How to prepare for page experience and Core Web Vitals

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A summary of everything you need to know about the page experience signal and Core Web Vitals before rollout in June 2021.

The approaching page experience update places a greater emphasis on user experience in search rankings. Google has set a rollout date of June 2021, which means website owners only have a few months left to prepare for an update that could be one of the biggest search trends of the year.

In this article, we look at all the latest news related to page experience and Core Web Vitals to help you prepare for rollout in June this year.

Page experience signal rolls out in June 2021

The page experience update was originally supposed to roll out in 2020 but Google pushed back the update due to the impact of Covid-19. In May last year, the search giant said the update would not happen before 2021 and promised to provide at least six months’ notice before rolling out the new signal. Google then announced in November that the page experience update would roll out in May 2021  – later extended to June. 

The update combines several ranking factors into one page experience signal, allowing Google to measure the quality of experience provided by individual pages and websites – meaning the link between UX design and search rankings is about to get even tighter.

Request a Core Web Vitals audit from our SEO team

What is the page experience update?

We’ve looked at the page experience signal in detail before but let’s take a moment to quickly remind ourselves what this update is all about.

We know that Google takes user experience seriously, as proven by a series of previous updates for mobile-friendliness, mobile loading times, obtrusive popups and more. What the page experience signal does is combine the following seven factors into a single ranking signal:

Core Web Vitals Factors

As you can see, page experience includes four established ranking signals and also introduces three newer signals called Core Web Vitals. By now, marketers should all be familiar with the following four signals:

  • Mobile-friendly: Rewards pages that deliver a positive experience on mobile.
  • Safe browsing: Rewards websites free from security issues, malware, deceptive pages, harmful downloads and other safety issues.
  • HTTPS: Rewards websites that have HTTPS secure encryption.
  • Intrusive interstitials: Penalises websites that use intrusive interstitials and popups.

Hopefully, optimising for these four signals should already be embedded in your SEO strategy and there’s nothing to suggest these factors will have any more weighting in Google’s algorithm once the page experience signal rolls out.

What are Core Web Vitals?

We’ve also looked at Core Web Vitals and how to optimise for them in detail before and this is where you’re most likely to see any ranking changes due to the page experience update in June.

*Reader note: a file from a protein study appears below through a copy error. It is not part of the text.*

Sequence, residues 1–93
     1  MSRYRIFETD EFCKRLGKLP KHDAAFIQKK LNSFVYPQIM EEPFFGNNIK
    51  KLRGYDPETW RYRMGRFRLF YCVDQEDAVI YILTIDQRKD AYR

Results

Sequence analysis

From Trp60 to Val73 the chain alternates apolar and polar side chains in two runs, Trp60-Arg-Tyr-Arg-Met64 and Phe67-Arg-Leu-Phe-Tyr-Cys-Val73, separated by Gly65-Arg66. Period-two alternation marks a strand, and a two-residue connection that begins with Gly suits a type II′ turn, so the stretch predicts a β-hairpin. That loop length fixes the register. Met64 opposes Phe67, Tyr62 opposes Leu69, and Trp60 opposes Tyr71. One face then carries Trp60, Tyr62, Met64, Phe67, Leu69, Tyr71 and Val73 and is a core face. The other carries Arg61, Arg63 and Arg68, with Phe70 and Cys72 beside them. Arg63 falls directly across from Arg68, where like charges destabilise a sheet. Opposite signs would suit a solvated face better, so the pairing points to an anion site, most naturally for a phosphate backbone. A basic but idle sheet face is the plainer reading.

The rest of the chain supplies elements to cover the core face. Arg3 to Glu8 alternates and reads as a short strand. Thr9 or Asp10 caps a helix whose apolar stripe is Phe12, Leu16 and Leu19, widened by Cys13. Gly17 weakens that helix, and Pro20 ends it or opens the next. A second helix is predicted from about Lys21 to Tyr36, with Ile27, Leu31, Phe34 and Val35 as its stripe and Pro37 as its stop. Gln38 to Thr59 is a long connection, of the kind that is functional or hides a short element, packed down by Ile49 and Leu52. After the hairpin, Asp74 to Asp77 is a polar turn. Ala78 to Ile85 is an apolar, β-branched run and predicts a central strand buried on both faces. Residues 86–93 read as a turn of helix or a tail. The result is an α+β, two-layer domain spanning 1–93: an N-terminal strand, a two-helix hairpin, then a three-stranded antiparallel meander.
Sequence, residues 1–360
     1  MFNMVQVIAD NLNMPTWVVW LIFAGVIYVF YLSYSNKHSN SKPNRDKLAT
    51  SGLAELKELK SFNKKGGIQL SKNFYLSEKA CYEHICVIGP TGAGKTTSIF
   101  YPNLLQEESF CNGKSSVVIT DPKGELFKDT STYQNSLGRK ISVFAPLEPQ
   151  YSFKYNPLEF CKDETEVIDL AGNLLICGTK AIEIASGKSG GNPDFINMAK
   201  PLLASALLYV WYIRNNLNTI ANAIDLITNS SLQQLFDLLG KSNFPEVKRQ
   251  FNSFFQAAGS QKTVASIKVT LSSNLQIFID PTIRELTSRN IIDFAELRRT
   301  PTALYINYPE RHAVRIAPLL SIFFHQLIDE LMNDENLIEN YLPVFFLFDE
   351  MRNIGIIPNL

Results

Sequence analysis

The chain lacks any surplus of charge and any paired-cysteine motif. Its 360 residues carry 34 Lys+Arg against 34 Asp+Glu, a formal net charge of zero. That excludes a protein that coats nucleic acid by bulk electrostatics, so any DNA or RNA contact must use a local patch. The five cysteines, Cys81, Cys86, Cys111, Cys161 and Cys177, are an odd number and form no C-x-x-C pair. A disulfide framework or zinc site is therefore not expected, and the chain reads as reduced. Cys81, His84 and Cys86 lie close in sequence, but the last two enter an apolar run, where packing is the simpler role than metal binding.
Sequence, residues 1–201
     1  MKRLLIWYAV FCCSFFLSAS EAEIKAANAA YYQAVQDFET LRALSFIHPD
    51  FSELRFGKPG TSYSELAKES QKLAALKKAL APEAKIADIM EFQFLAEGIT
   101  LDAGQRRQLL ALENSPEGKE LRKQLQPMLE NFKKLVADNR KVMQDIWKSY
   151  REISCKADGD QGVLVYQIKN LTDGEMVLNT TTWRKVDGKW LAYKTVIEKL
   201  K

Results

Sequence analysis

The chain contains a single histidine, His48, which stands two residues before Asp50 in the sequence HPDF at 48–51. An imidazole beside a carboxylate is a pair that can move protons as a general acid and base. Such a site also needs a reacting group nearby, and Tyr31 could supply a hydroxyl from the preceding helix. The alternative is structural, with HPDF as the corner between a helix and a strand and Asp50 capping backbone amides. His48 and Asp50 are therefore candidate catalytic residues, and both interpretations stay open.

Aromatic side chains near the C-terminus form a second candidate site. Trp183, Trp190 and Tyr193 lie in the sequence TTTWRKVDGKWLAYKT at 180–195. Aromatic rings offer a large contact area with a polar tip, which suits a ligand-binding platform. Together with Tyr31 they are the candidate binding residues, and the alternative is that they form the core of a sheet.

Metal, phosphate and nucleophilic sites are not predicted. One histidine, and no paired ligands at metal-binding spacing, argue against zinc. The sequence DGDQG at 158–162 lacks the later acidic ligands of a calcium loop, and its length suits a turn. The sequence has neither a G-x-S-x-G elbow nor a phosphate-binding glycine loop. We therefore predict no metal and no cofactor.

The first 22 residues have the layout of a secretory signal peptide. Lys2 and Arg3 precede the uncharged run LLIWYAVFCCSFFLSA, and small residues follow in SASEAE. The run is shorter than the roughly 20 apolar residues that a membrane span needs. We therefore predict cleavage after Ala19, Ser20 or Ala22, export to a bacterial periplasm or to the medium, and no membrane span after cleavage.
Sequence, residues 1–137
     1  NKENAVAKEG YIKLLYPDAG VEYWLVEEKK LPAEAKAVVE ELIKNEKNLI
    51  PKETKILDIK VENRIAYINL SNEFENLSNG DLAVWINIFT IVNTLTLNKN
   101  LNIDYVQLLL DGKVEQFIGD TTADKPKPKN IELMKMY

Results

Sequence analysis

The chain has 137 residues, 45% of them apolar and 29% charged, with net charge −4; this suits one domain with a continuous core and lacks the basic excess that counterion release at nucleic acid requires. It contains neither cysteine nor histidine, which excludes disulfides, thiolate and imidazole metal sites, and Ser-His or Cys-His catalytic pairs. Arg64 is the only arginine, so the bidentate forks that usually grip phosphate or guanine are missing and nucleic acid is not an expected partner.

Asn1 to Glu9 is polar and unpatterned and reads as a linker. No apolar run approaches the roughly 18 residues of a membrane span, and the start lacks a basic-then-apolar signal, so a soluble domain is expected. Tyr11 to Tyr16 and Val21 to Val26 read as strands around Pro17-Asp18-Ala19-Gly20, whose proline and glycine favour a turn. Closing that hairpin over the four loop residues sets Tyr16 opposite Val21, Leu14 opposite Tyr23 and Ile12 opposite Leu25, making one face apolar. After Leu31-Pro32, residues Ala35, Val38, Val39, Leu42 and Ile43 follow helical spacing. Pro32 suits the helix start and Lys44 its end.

Core web vitals factors

The Core Web Vitals include three signals related to on-page user experience:

  1. Loading: This simply refers to loading times although Google is changing the way it measures this with a new standard called Largest Contentful Paint (LCP).
  2. Interactivity: Measures the responsiveness of interactive elements on your page (links, buttons, etc.) after users click them, using a new standard called First Input Delay (FID).
  3. Visual Stability: Detects the movement of elements after they’ve loaded on the page and any instability this causes, using a new standard called Cumulative Layout Shift (CLS).

You should be used to optimising for page speed by now, but Core Web Vitals changes the way Google measures loading times – and this means you need to rethink the way you optimise for them.

Google has also defined specific measurements and benchmarks for interactivity and visual stability while introducing a series of new tools for website owners to measure the performance of their pages in regards to Core Web Vitals.

According to a recent Google Search Central SEO office-hours hosted by John Mueller, websites may need to meet Google’s benchmarks for all three Core Web Vitals to receive any ranking benefit from the page experience signal – so it’s important to have a strategy in place for each of these signals.

For more details on how to optimise for each of these Core Web Vitals, be sure to take a look at our in-depth guide.

What do we need to do before June 2021?

The first thing you need to do is find out where you stand. You can use the Core Web Vitals report to see how your website performs for loading times (LCP), interactivity (FID) and stability (CLS) and compare your results against Google’s benchmarks.

How Google measures core web vitals - LCP, FID and CLS

Due to the nature of the page experience update, optimising for the new ranking signal could be a challenge for many website owners. In terms of mobile-friendliness, safe browsing, HTTPS and interstitials, nothing really changes. It’s the Core Web Vitals that bring new signals and benchmarks to the table and optimising for these has more to do with web development than traditional SEO.

While there are several steps you can take to improve loading times, such as upgrading your hosting service or compressing media files, this is something you really need to optimise at the code level.

This applies to all of the Core Web Vitals where Interactivity is mostly dependent on the efficiency of your code (namely JavaScript) and Visual Stability is compromised by poor coding structure or techniques such as lazy loading.

examples of loading times for things like script evaluation and rendering